erik lundegaard

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Halloween

Ask any kid: there is a definite hierarchy to Halloween candy and what is least desired is often the easiest to acquire. Parents seem to love the triumvirate of Three Musketeers, Milky Ways, and Snickers, but I always thought of them as the barter of Halloween candy: a means of attaining the rarer (and thus more coveted) 100,000 Dollar Bar or Kit Kat.

Even within this candy triumvirate, though, there is a definite order of preference. Snickers Bars are best because they contain the most items within the same small package (chocolate, caramel, nougat, and peanuts). Milky Ways are simply Snickers without the peanuts (a point against them), while Three Musketeers Bars take away even the caramel and leave only the nougat, a dreadful item, which always seemed to me the candy equivalent of mystery meat. Even at the age of eight I understood chocolate and caramel. But nougat? Where did it come from? What was it made of?

Consequently, when forced to retire from trick-or-treating at the age of twelve, I was determined to give out the better, rarer treats. During shopping, my father picked out — you guessed it — Three Musketeers Bars. But I soon found out why 100,000 Bars were rarer finds; they were more expensive. My father refused to buy them.

This particular Halloween was typical. The weather was cold and drizzly, with the smell of burnt pumpkins in the air. My father had gone to a party, leaving my brother and I to hand out candy. Everything went fine until eight o'clock when we realized our supply of treats was dwindling. We viewed it with all of the panic of a besieged fortress running out of ammunition.

I accused my brother of snarfing Snickers behind my back. He accused me of the same. We both condemned our father for being too cheap to buy at least one more package. I was about to suggest that we turn out the lights and hide behind the couch when my brother came up with an alternate plan.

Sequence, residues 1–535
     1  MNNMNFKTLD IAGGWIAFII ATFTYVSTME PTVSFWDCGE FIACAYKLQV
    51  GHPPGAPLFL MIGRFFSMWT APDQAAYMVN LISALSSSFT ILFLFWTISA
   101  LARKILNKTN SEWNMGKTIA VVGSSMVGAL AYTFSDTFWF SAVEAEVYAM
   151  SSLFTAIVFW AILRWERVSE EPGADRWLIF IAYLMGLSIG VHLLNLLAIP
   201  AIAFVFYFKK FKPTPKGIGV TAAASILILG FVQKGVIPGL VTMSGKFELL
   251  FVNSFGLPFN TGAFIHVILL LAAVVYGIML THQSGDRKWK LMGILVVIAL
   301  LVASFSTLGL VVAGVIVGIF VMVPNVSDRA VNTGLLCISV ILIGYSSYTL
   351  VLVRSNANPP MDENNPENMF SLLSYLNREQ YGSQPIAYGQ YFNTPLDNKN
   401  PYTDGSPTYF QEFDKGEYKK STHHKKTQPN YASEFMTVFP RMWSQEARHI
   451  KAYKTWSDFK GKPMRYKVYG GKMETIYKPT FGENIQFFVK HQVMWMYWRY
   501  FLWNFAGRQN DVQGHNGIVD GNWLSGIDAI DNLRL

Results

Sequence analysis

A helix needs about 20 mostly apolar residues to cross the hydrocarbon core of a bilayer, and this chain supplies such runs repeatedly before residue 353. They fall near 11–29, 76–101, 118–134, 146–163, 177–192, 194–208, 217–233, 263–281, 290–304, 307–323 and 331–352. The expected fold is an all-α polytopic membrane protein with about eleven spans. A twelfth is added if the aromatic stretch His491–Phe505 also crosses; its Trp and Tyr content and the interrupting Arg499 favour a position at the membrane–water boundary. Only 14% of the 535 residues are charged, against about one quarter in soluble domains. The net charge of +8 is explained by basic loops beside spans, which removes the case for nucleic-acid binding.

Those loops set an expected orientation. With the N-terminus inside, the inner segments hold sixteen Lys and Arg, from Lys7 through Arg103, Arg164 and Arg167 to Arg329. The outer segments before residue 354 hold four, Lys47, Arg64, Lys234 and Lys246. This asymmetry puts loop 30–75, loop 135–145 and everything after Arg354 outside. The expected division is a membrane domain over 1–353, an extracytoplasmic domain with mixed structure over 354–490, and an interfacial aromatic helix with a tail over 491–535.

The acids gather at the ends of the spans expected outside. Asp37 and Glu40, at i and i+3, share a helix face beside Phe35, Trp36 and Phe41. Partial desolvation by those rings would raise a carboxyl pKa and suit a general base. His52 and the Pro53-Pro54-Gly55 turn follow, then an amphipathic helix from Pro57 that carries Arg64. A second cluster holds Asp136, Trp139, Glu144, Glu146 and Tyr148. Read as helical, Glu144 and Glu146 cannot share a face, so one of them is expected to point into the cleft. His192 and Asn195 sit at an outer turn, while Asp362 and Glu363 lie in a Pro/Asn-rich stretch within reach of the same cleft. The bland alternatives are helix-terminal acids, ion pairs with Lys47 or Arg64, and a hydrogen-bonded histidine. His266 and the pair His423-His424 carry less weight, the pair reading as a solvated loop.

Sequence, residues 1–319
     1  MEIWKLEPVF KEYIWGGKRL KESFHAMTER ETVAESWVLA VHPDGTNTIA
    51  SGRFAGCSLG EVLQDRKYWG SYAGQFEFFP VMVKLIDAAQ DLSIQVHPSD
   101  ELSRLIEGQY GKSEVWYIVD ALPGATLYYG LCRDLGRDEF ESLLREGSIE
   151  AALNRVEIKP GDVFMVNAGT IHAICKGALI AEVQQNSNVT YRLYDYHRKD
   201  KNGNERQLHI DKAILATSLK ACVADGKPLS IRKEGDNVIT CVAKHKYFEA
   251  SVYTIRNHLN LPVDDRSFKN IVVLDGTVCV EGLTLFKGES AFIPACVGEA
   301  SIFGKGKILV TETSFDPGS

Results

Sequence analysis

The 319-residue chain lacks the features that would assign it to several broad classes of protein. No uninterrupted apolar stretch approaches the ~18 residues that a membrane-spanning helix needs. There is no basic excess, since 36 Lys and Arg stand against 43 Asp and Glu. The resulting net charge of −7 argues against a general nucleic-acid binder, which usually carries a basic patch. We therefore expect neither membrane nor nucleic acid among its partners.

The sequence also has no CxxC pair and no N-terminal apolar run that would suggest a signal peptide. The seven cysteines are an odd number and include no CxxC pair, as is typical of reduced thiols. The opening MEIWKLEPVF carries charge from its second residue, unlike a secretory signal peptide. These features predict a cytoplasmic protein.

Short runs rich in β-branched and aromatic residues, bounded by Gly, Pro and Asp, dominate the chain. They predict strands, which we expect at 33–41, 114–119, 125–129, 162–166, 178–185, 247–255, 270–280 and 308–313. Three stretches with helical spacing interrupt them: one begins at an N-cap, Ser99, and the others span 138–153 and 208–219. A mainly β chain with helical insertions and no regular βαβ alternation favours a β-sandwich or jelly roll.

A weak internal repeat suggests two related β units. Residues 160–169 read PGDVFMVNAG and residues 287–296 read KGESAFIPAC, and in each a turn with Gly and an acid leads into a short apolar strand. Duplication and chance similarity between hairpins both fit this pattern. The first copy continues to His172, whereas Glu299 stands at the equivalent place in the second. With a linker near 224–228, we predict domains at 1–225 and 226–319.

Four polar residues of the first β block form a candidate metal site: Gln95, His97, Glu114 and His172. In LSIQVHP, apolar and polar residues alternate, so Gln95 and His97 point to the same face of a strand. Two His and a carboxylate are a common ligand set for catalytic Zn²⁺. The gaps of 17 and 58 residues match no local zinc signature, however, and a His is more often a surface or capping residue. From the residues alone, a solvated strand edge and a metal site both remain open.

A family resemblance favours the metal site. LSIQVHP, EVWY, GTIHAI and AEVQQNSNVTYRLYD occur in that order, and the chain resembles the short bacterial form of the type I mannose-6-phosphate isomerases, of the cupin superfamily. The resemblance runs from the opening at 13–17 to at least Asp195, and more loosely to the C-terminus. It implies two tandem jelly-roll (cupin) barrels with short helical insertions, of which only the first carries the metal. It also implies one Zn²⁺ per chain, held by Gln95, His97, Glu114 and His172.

My father, you see, had recently appeared on the TV game show The 25,000 Dollar Pyramid. His partner had been Debralee Scott, an actress who went from her role on Mary Hartman, Mary Hartman straight into oblivion, and she and my father were — how shall I say this? — not exactly compatible. Trying to describe Adolf Hitler, my father came up with the historically accurate but emotionally stagnant clue, “He was Chancellor of Germany during the 1930s!” Of course Debra Lee Scott didn’t help matters. Even after my father gave the clue, “He does the evening news on CBS,” and then offered a passable imitation of an avuncular anchorman, “And that's the way it is...” Debra Lee Scott, rather than crying out “Walter Cronkite!,” simply shook her flustered hands and told him to go on to the next one. “I'm so bad at names,” she said.

As a result no game show money flowed into our house. We did, however, receive a mess of consolation prizes: La Choy Chow Mein, Cepacol throat lozenges, Kaopectate. It was these items my brother suggested we give away when the candy ran out.

“But the kids,” I said. “They're expecting candy.”

My brother — all of fifteen years old — played the parent. “This is better for them,” he said. “It's healthy.” The next time the doorbell rang, he was ready. Two children were on the front stoop: a little boy dressed as a vampire and a little girl dressed as a ballerina.

“Trick or treat!” they shouted.

Whumpf! Whumpf! A can of chow mein was rifled into each sack.

“Thank you!” they shouted, and continued obliviously onto the next house. What must it have been like when they divvied up their booty later that evening? “I got thirteen Three Musketeers, ten Milky Ways, eight packs of sweet-tarts, seven Snickers, four Slo-Pokes, three Milk Duds and...a can of Chow Mein?

Kids expecting Baby Ruths were treated to Cepacol throat lozenges. Mothers around the neighborhood must have been perplexed. “Who gave you this bottle of Kaopectate?” In a few minutes, our reputation for being a good trick-or-treating house was shattered. “Don't go there,” I imagined some sullen kid saying. “They only give out diarrhea medication.”

Amazingly enough, no one complained. Perhaps parents appreciated the Chow Mein and throat lozenges. But a better explanation may reside in this simple fact: None of the stuff we gave out contained nougat. For this, everyone was grateful.

originally published in The Minneapolis Star-Tribune and The Seattle Times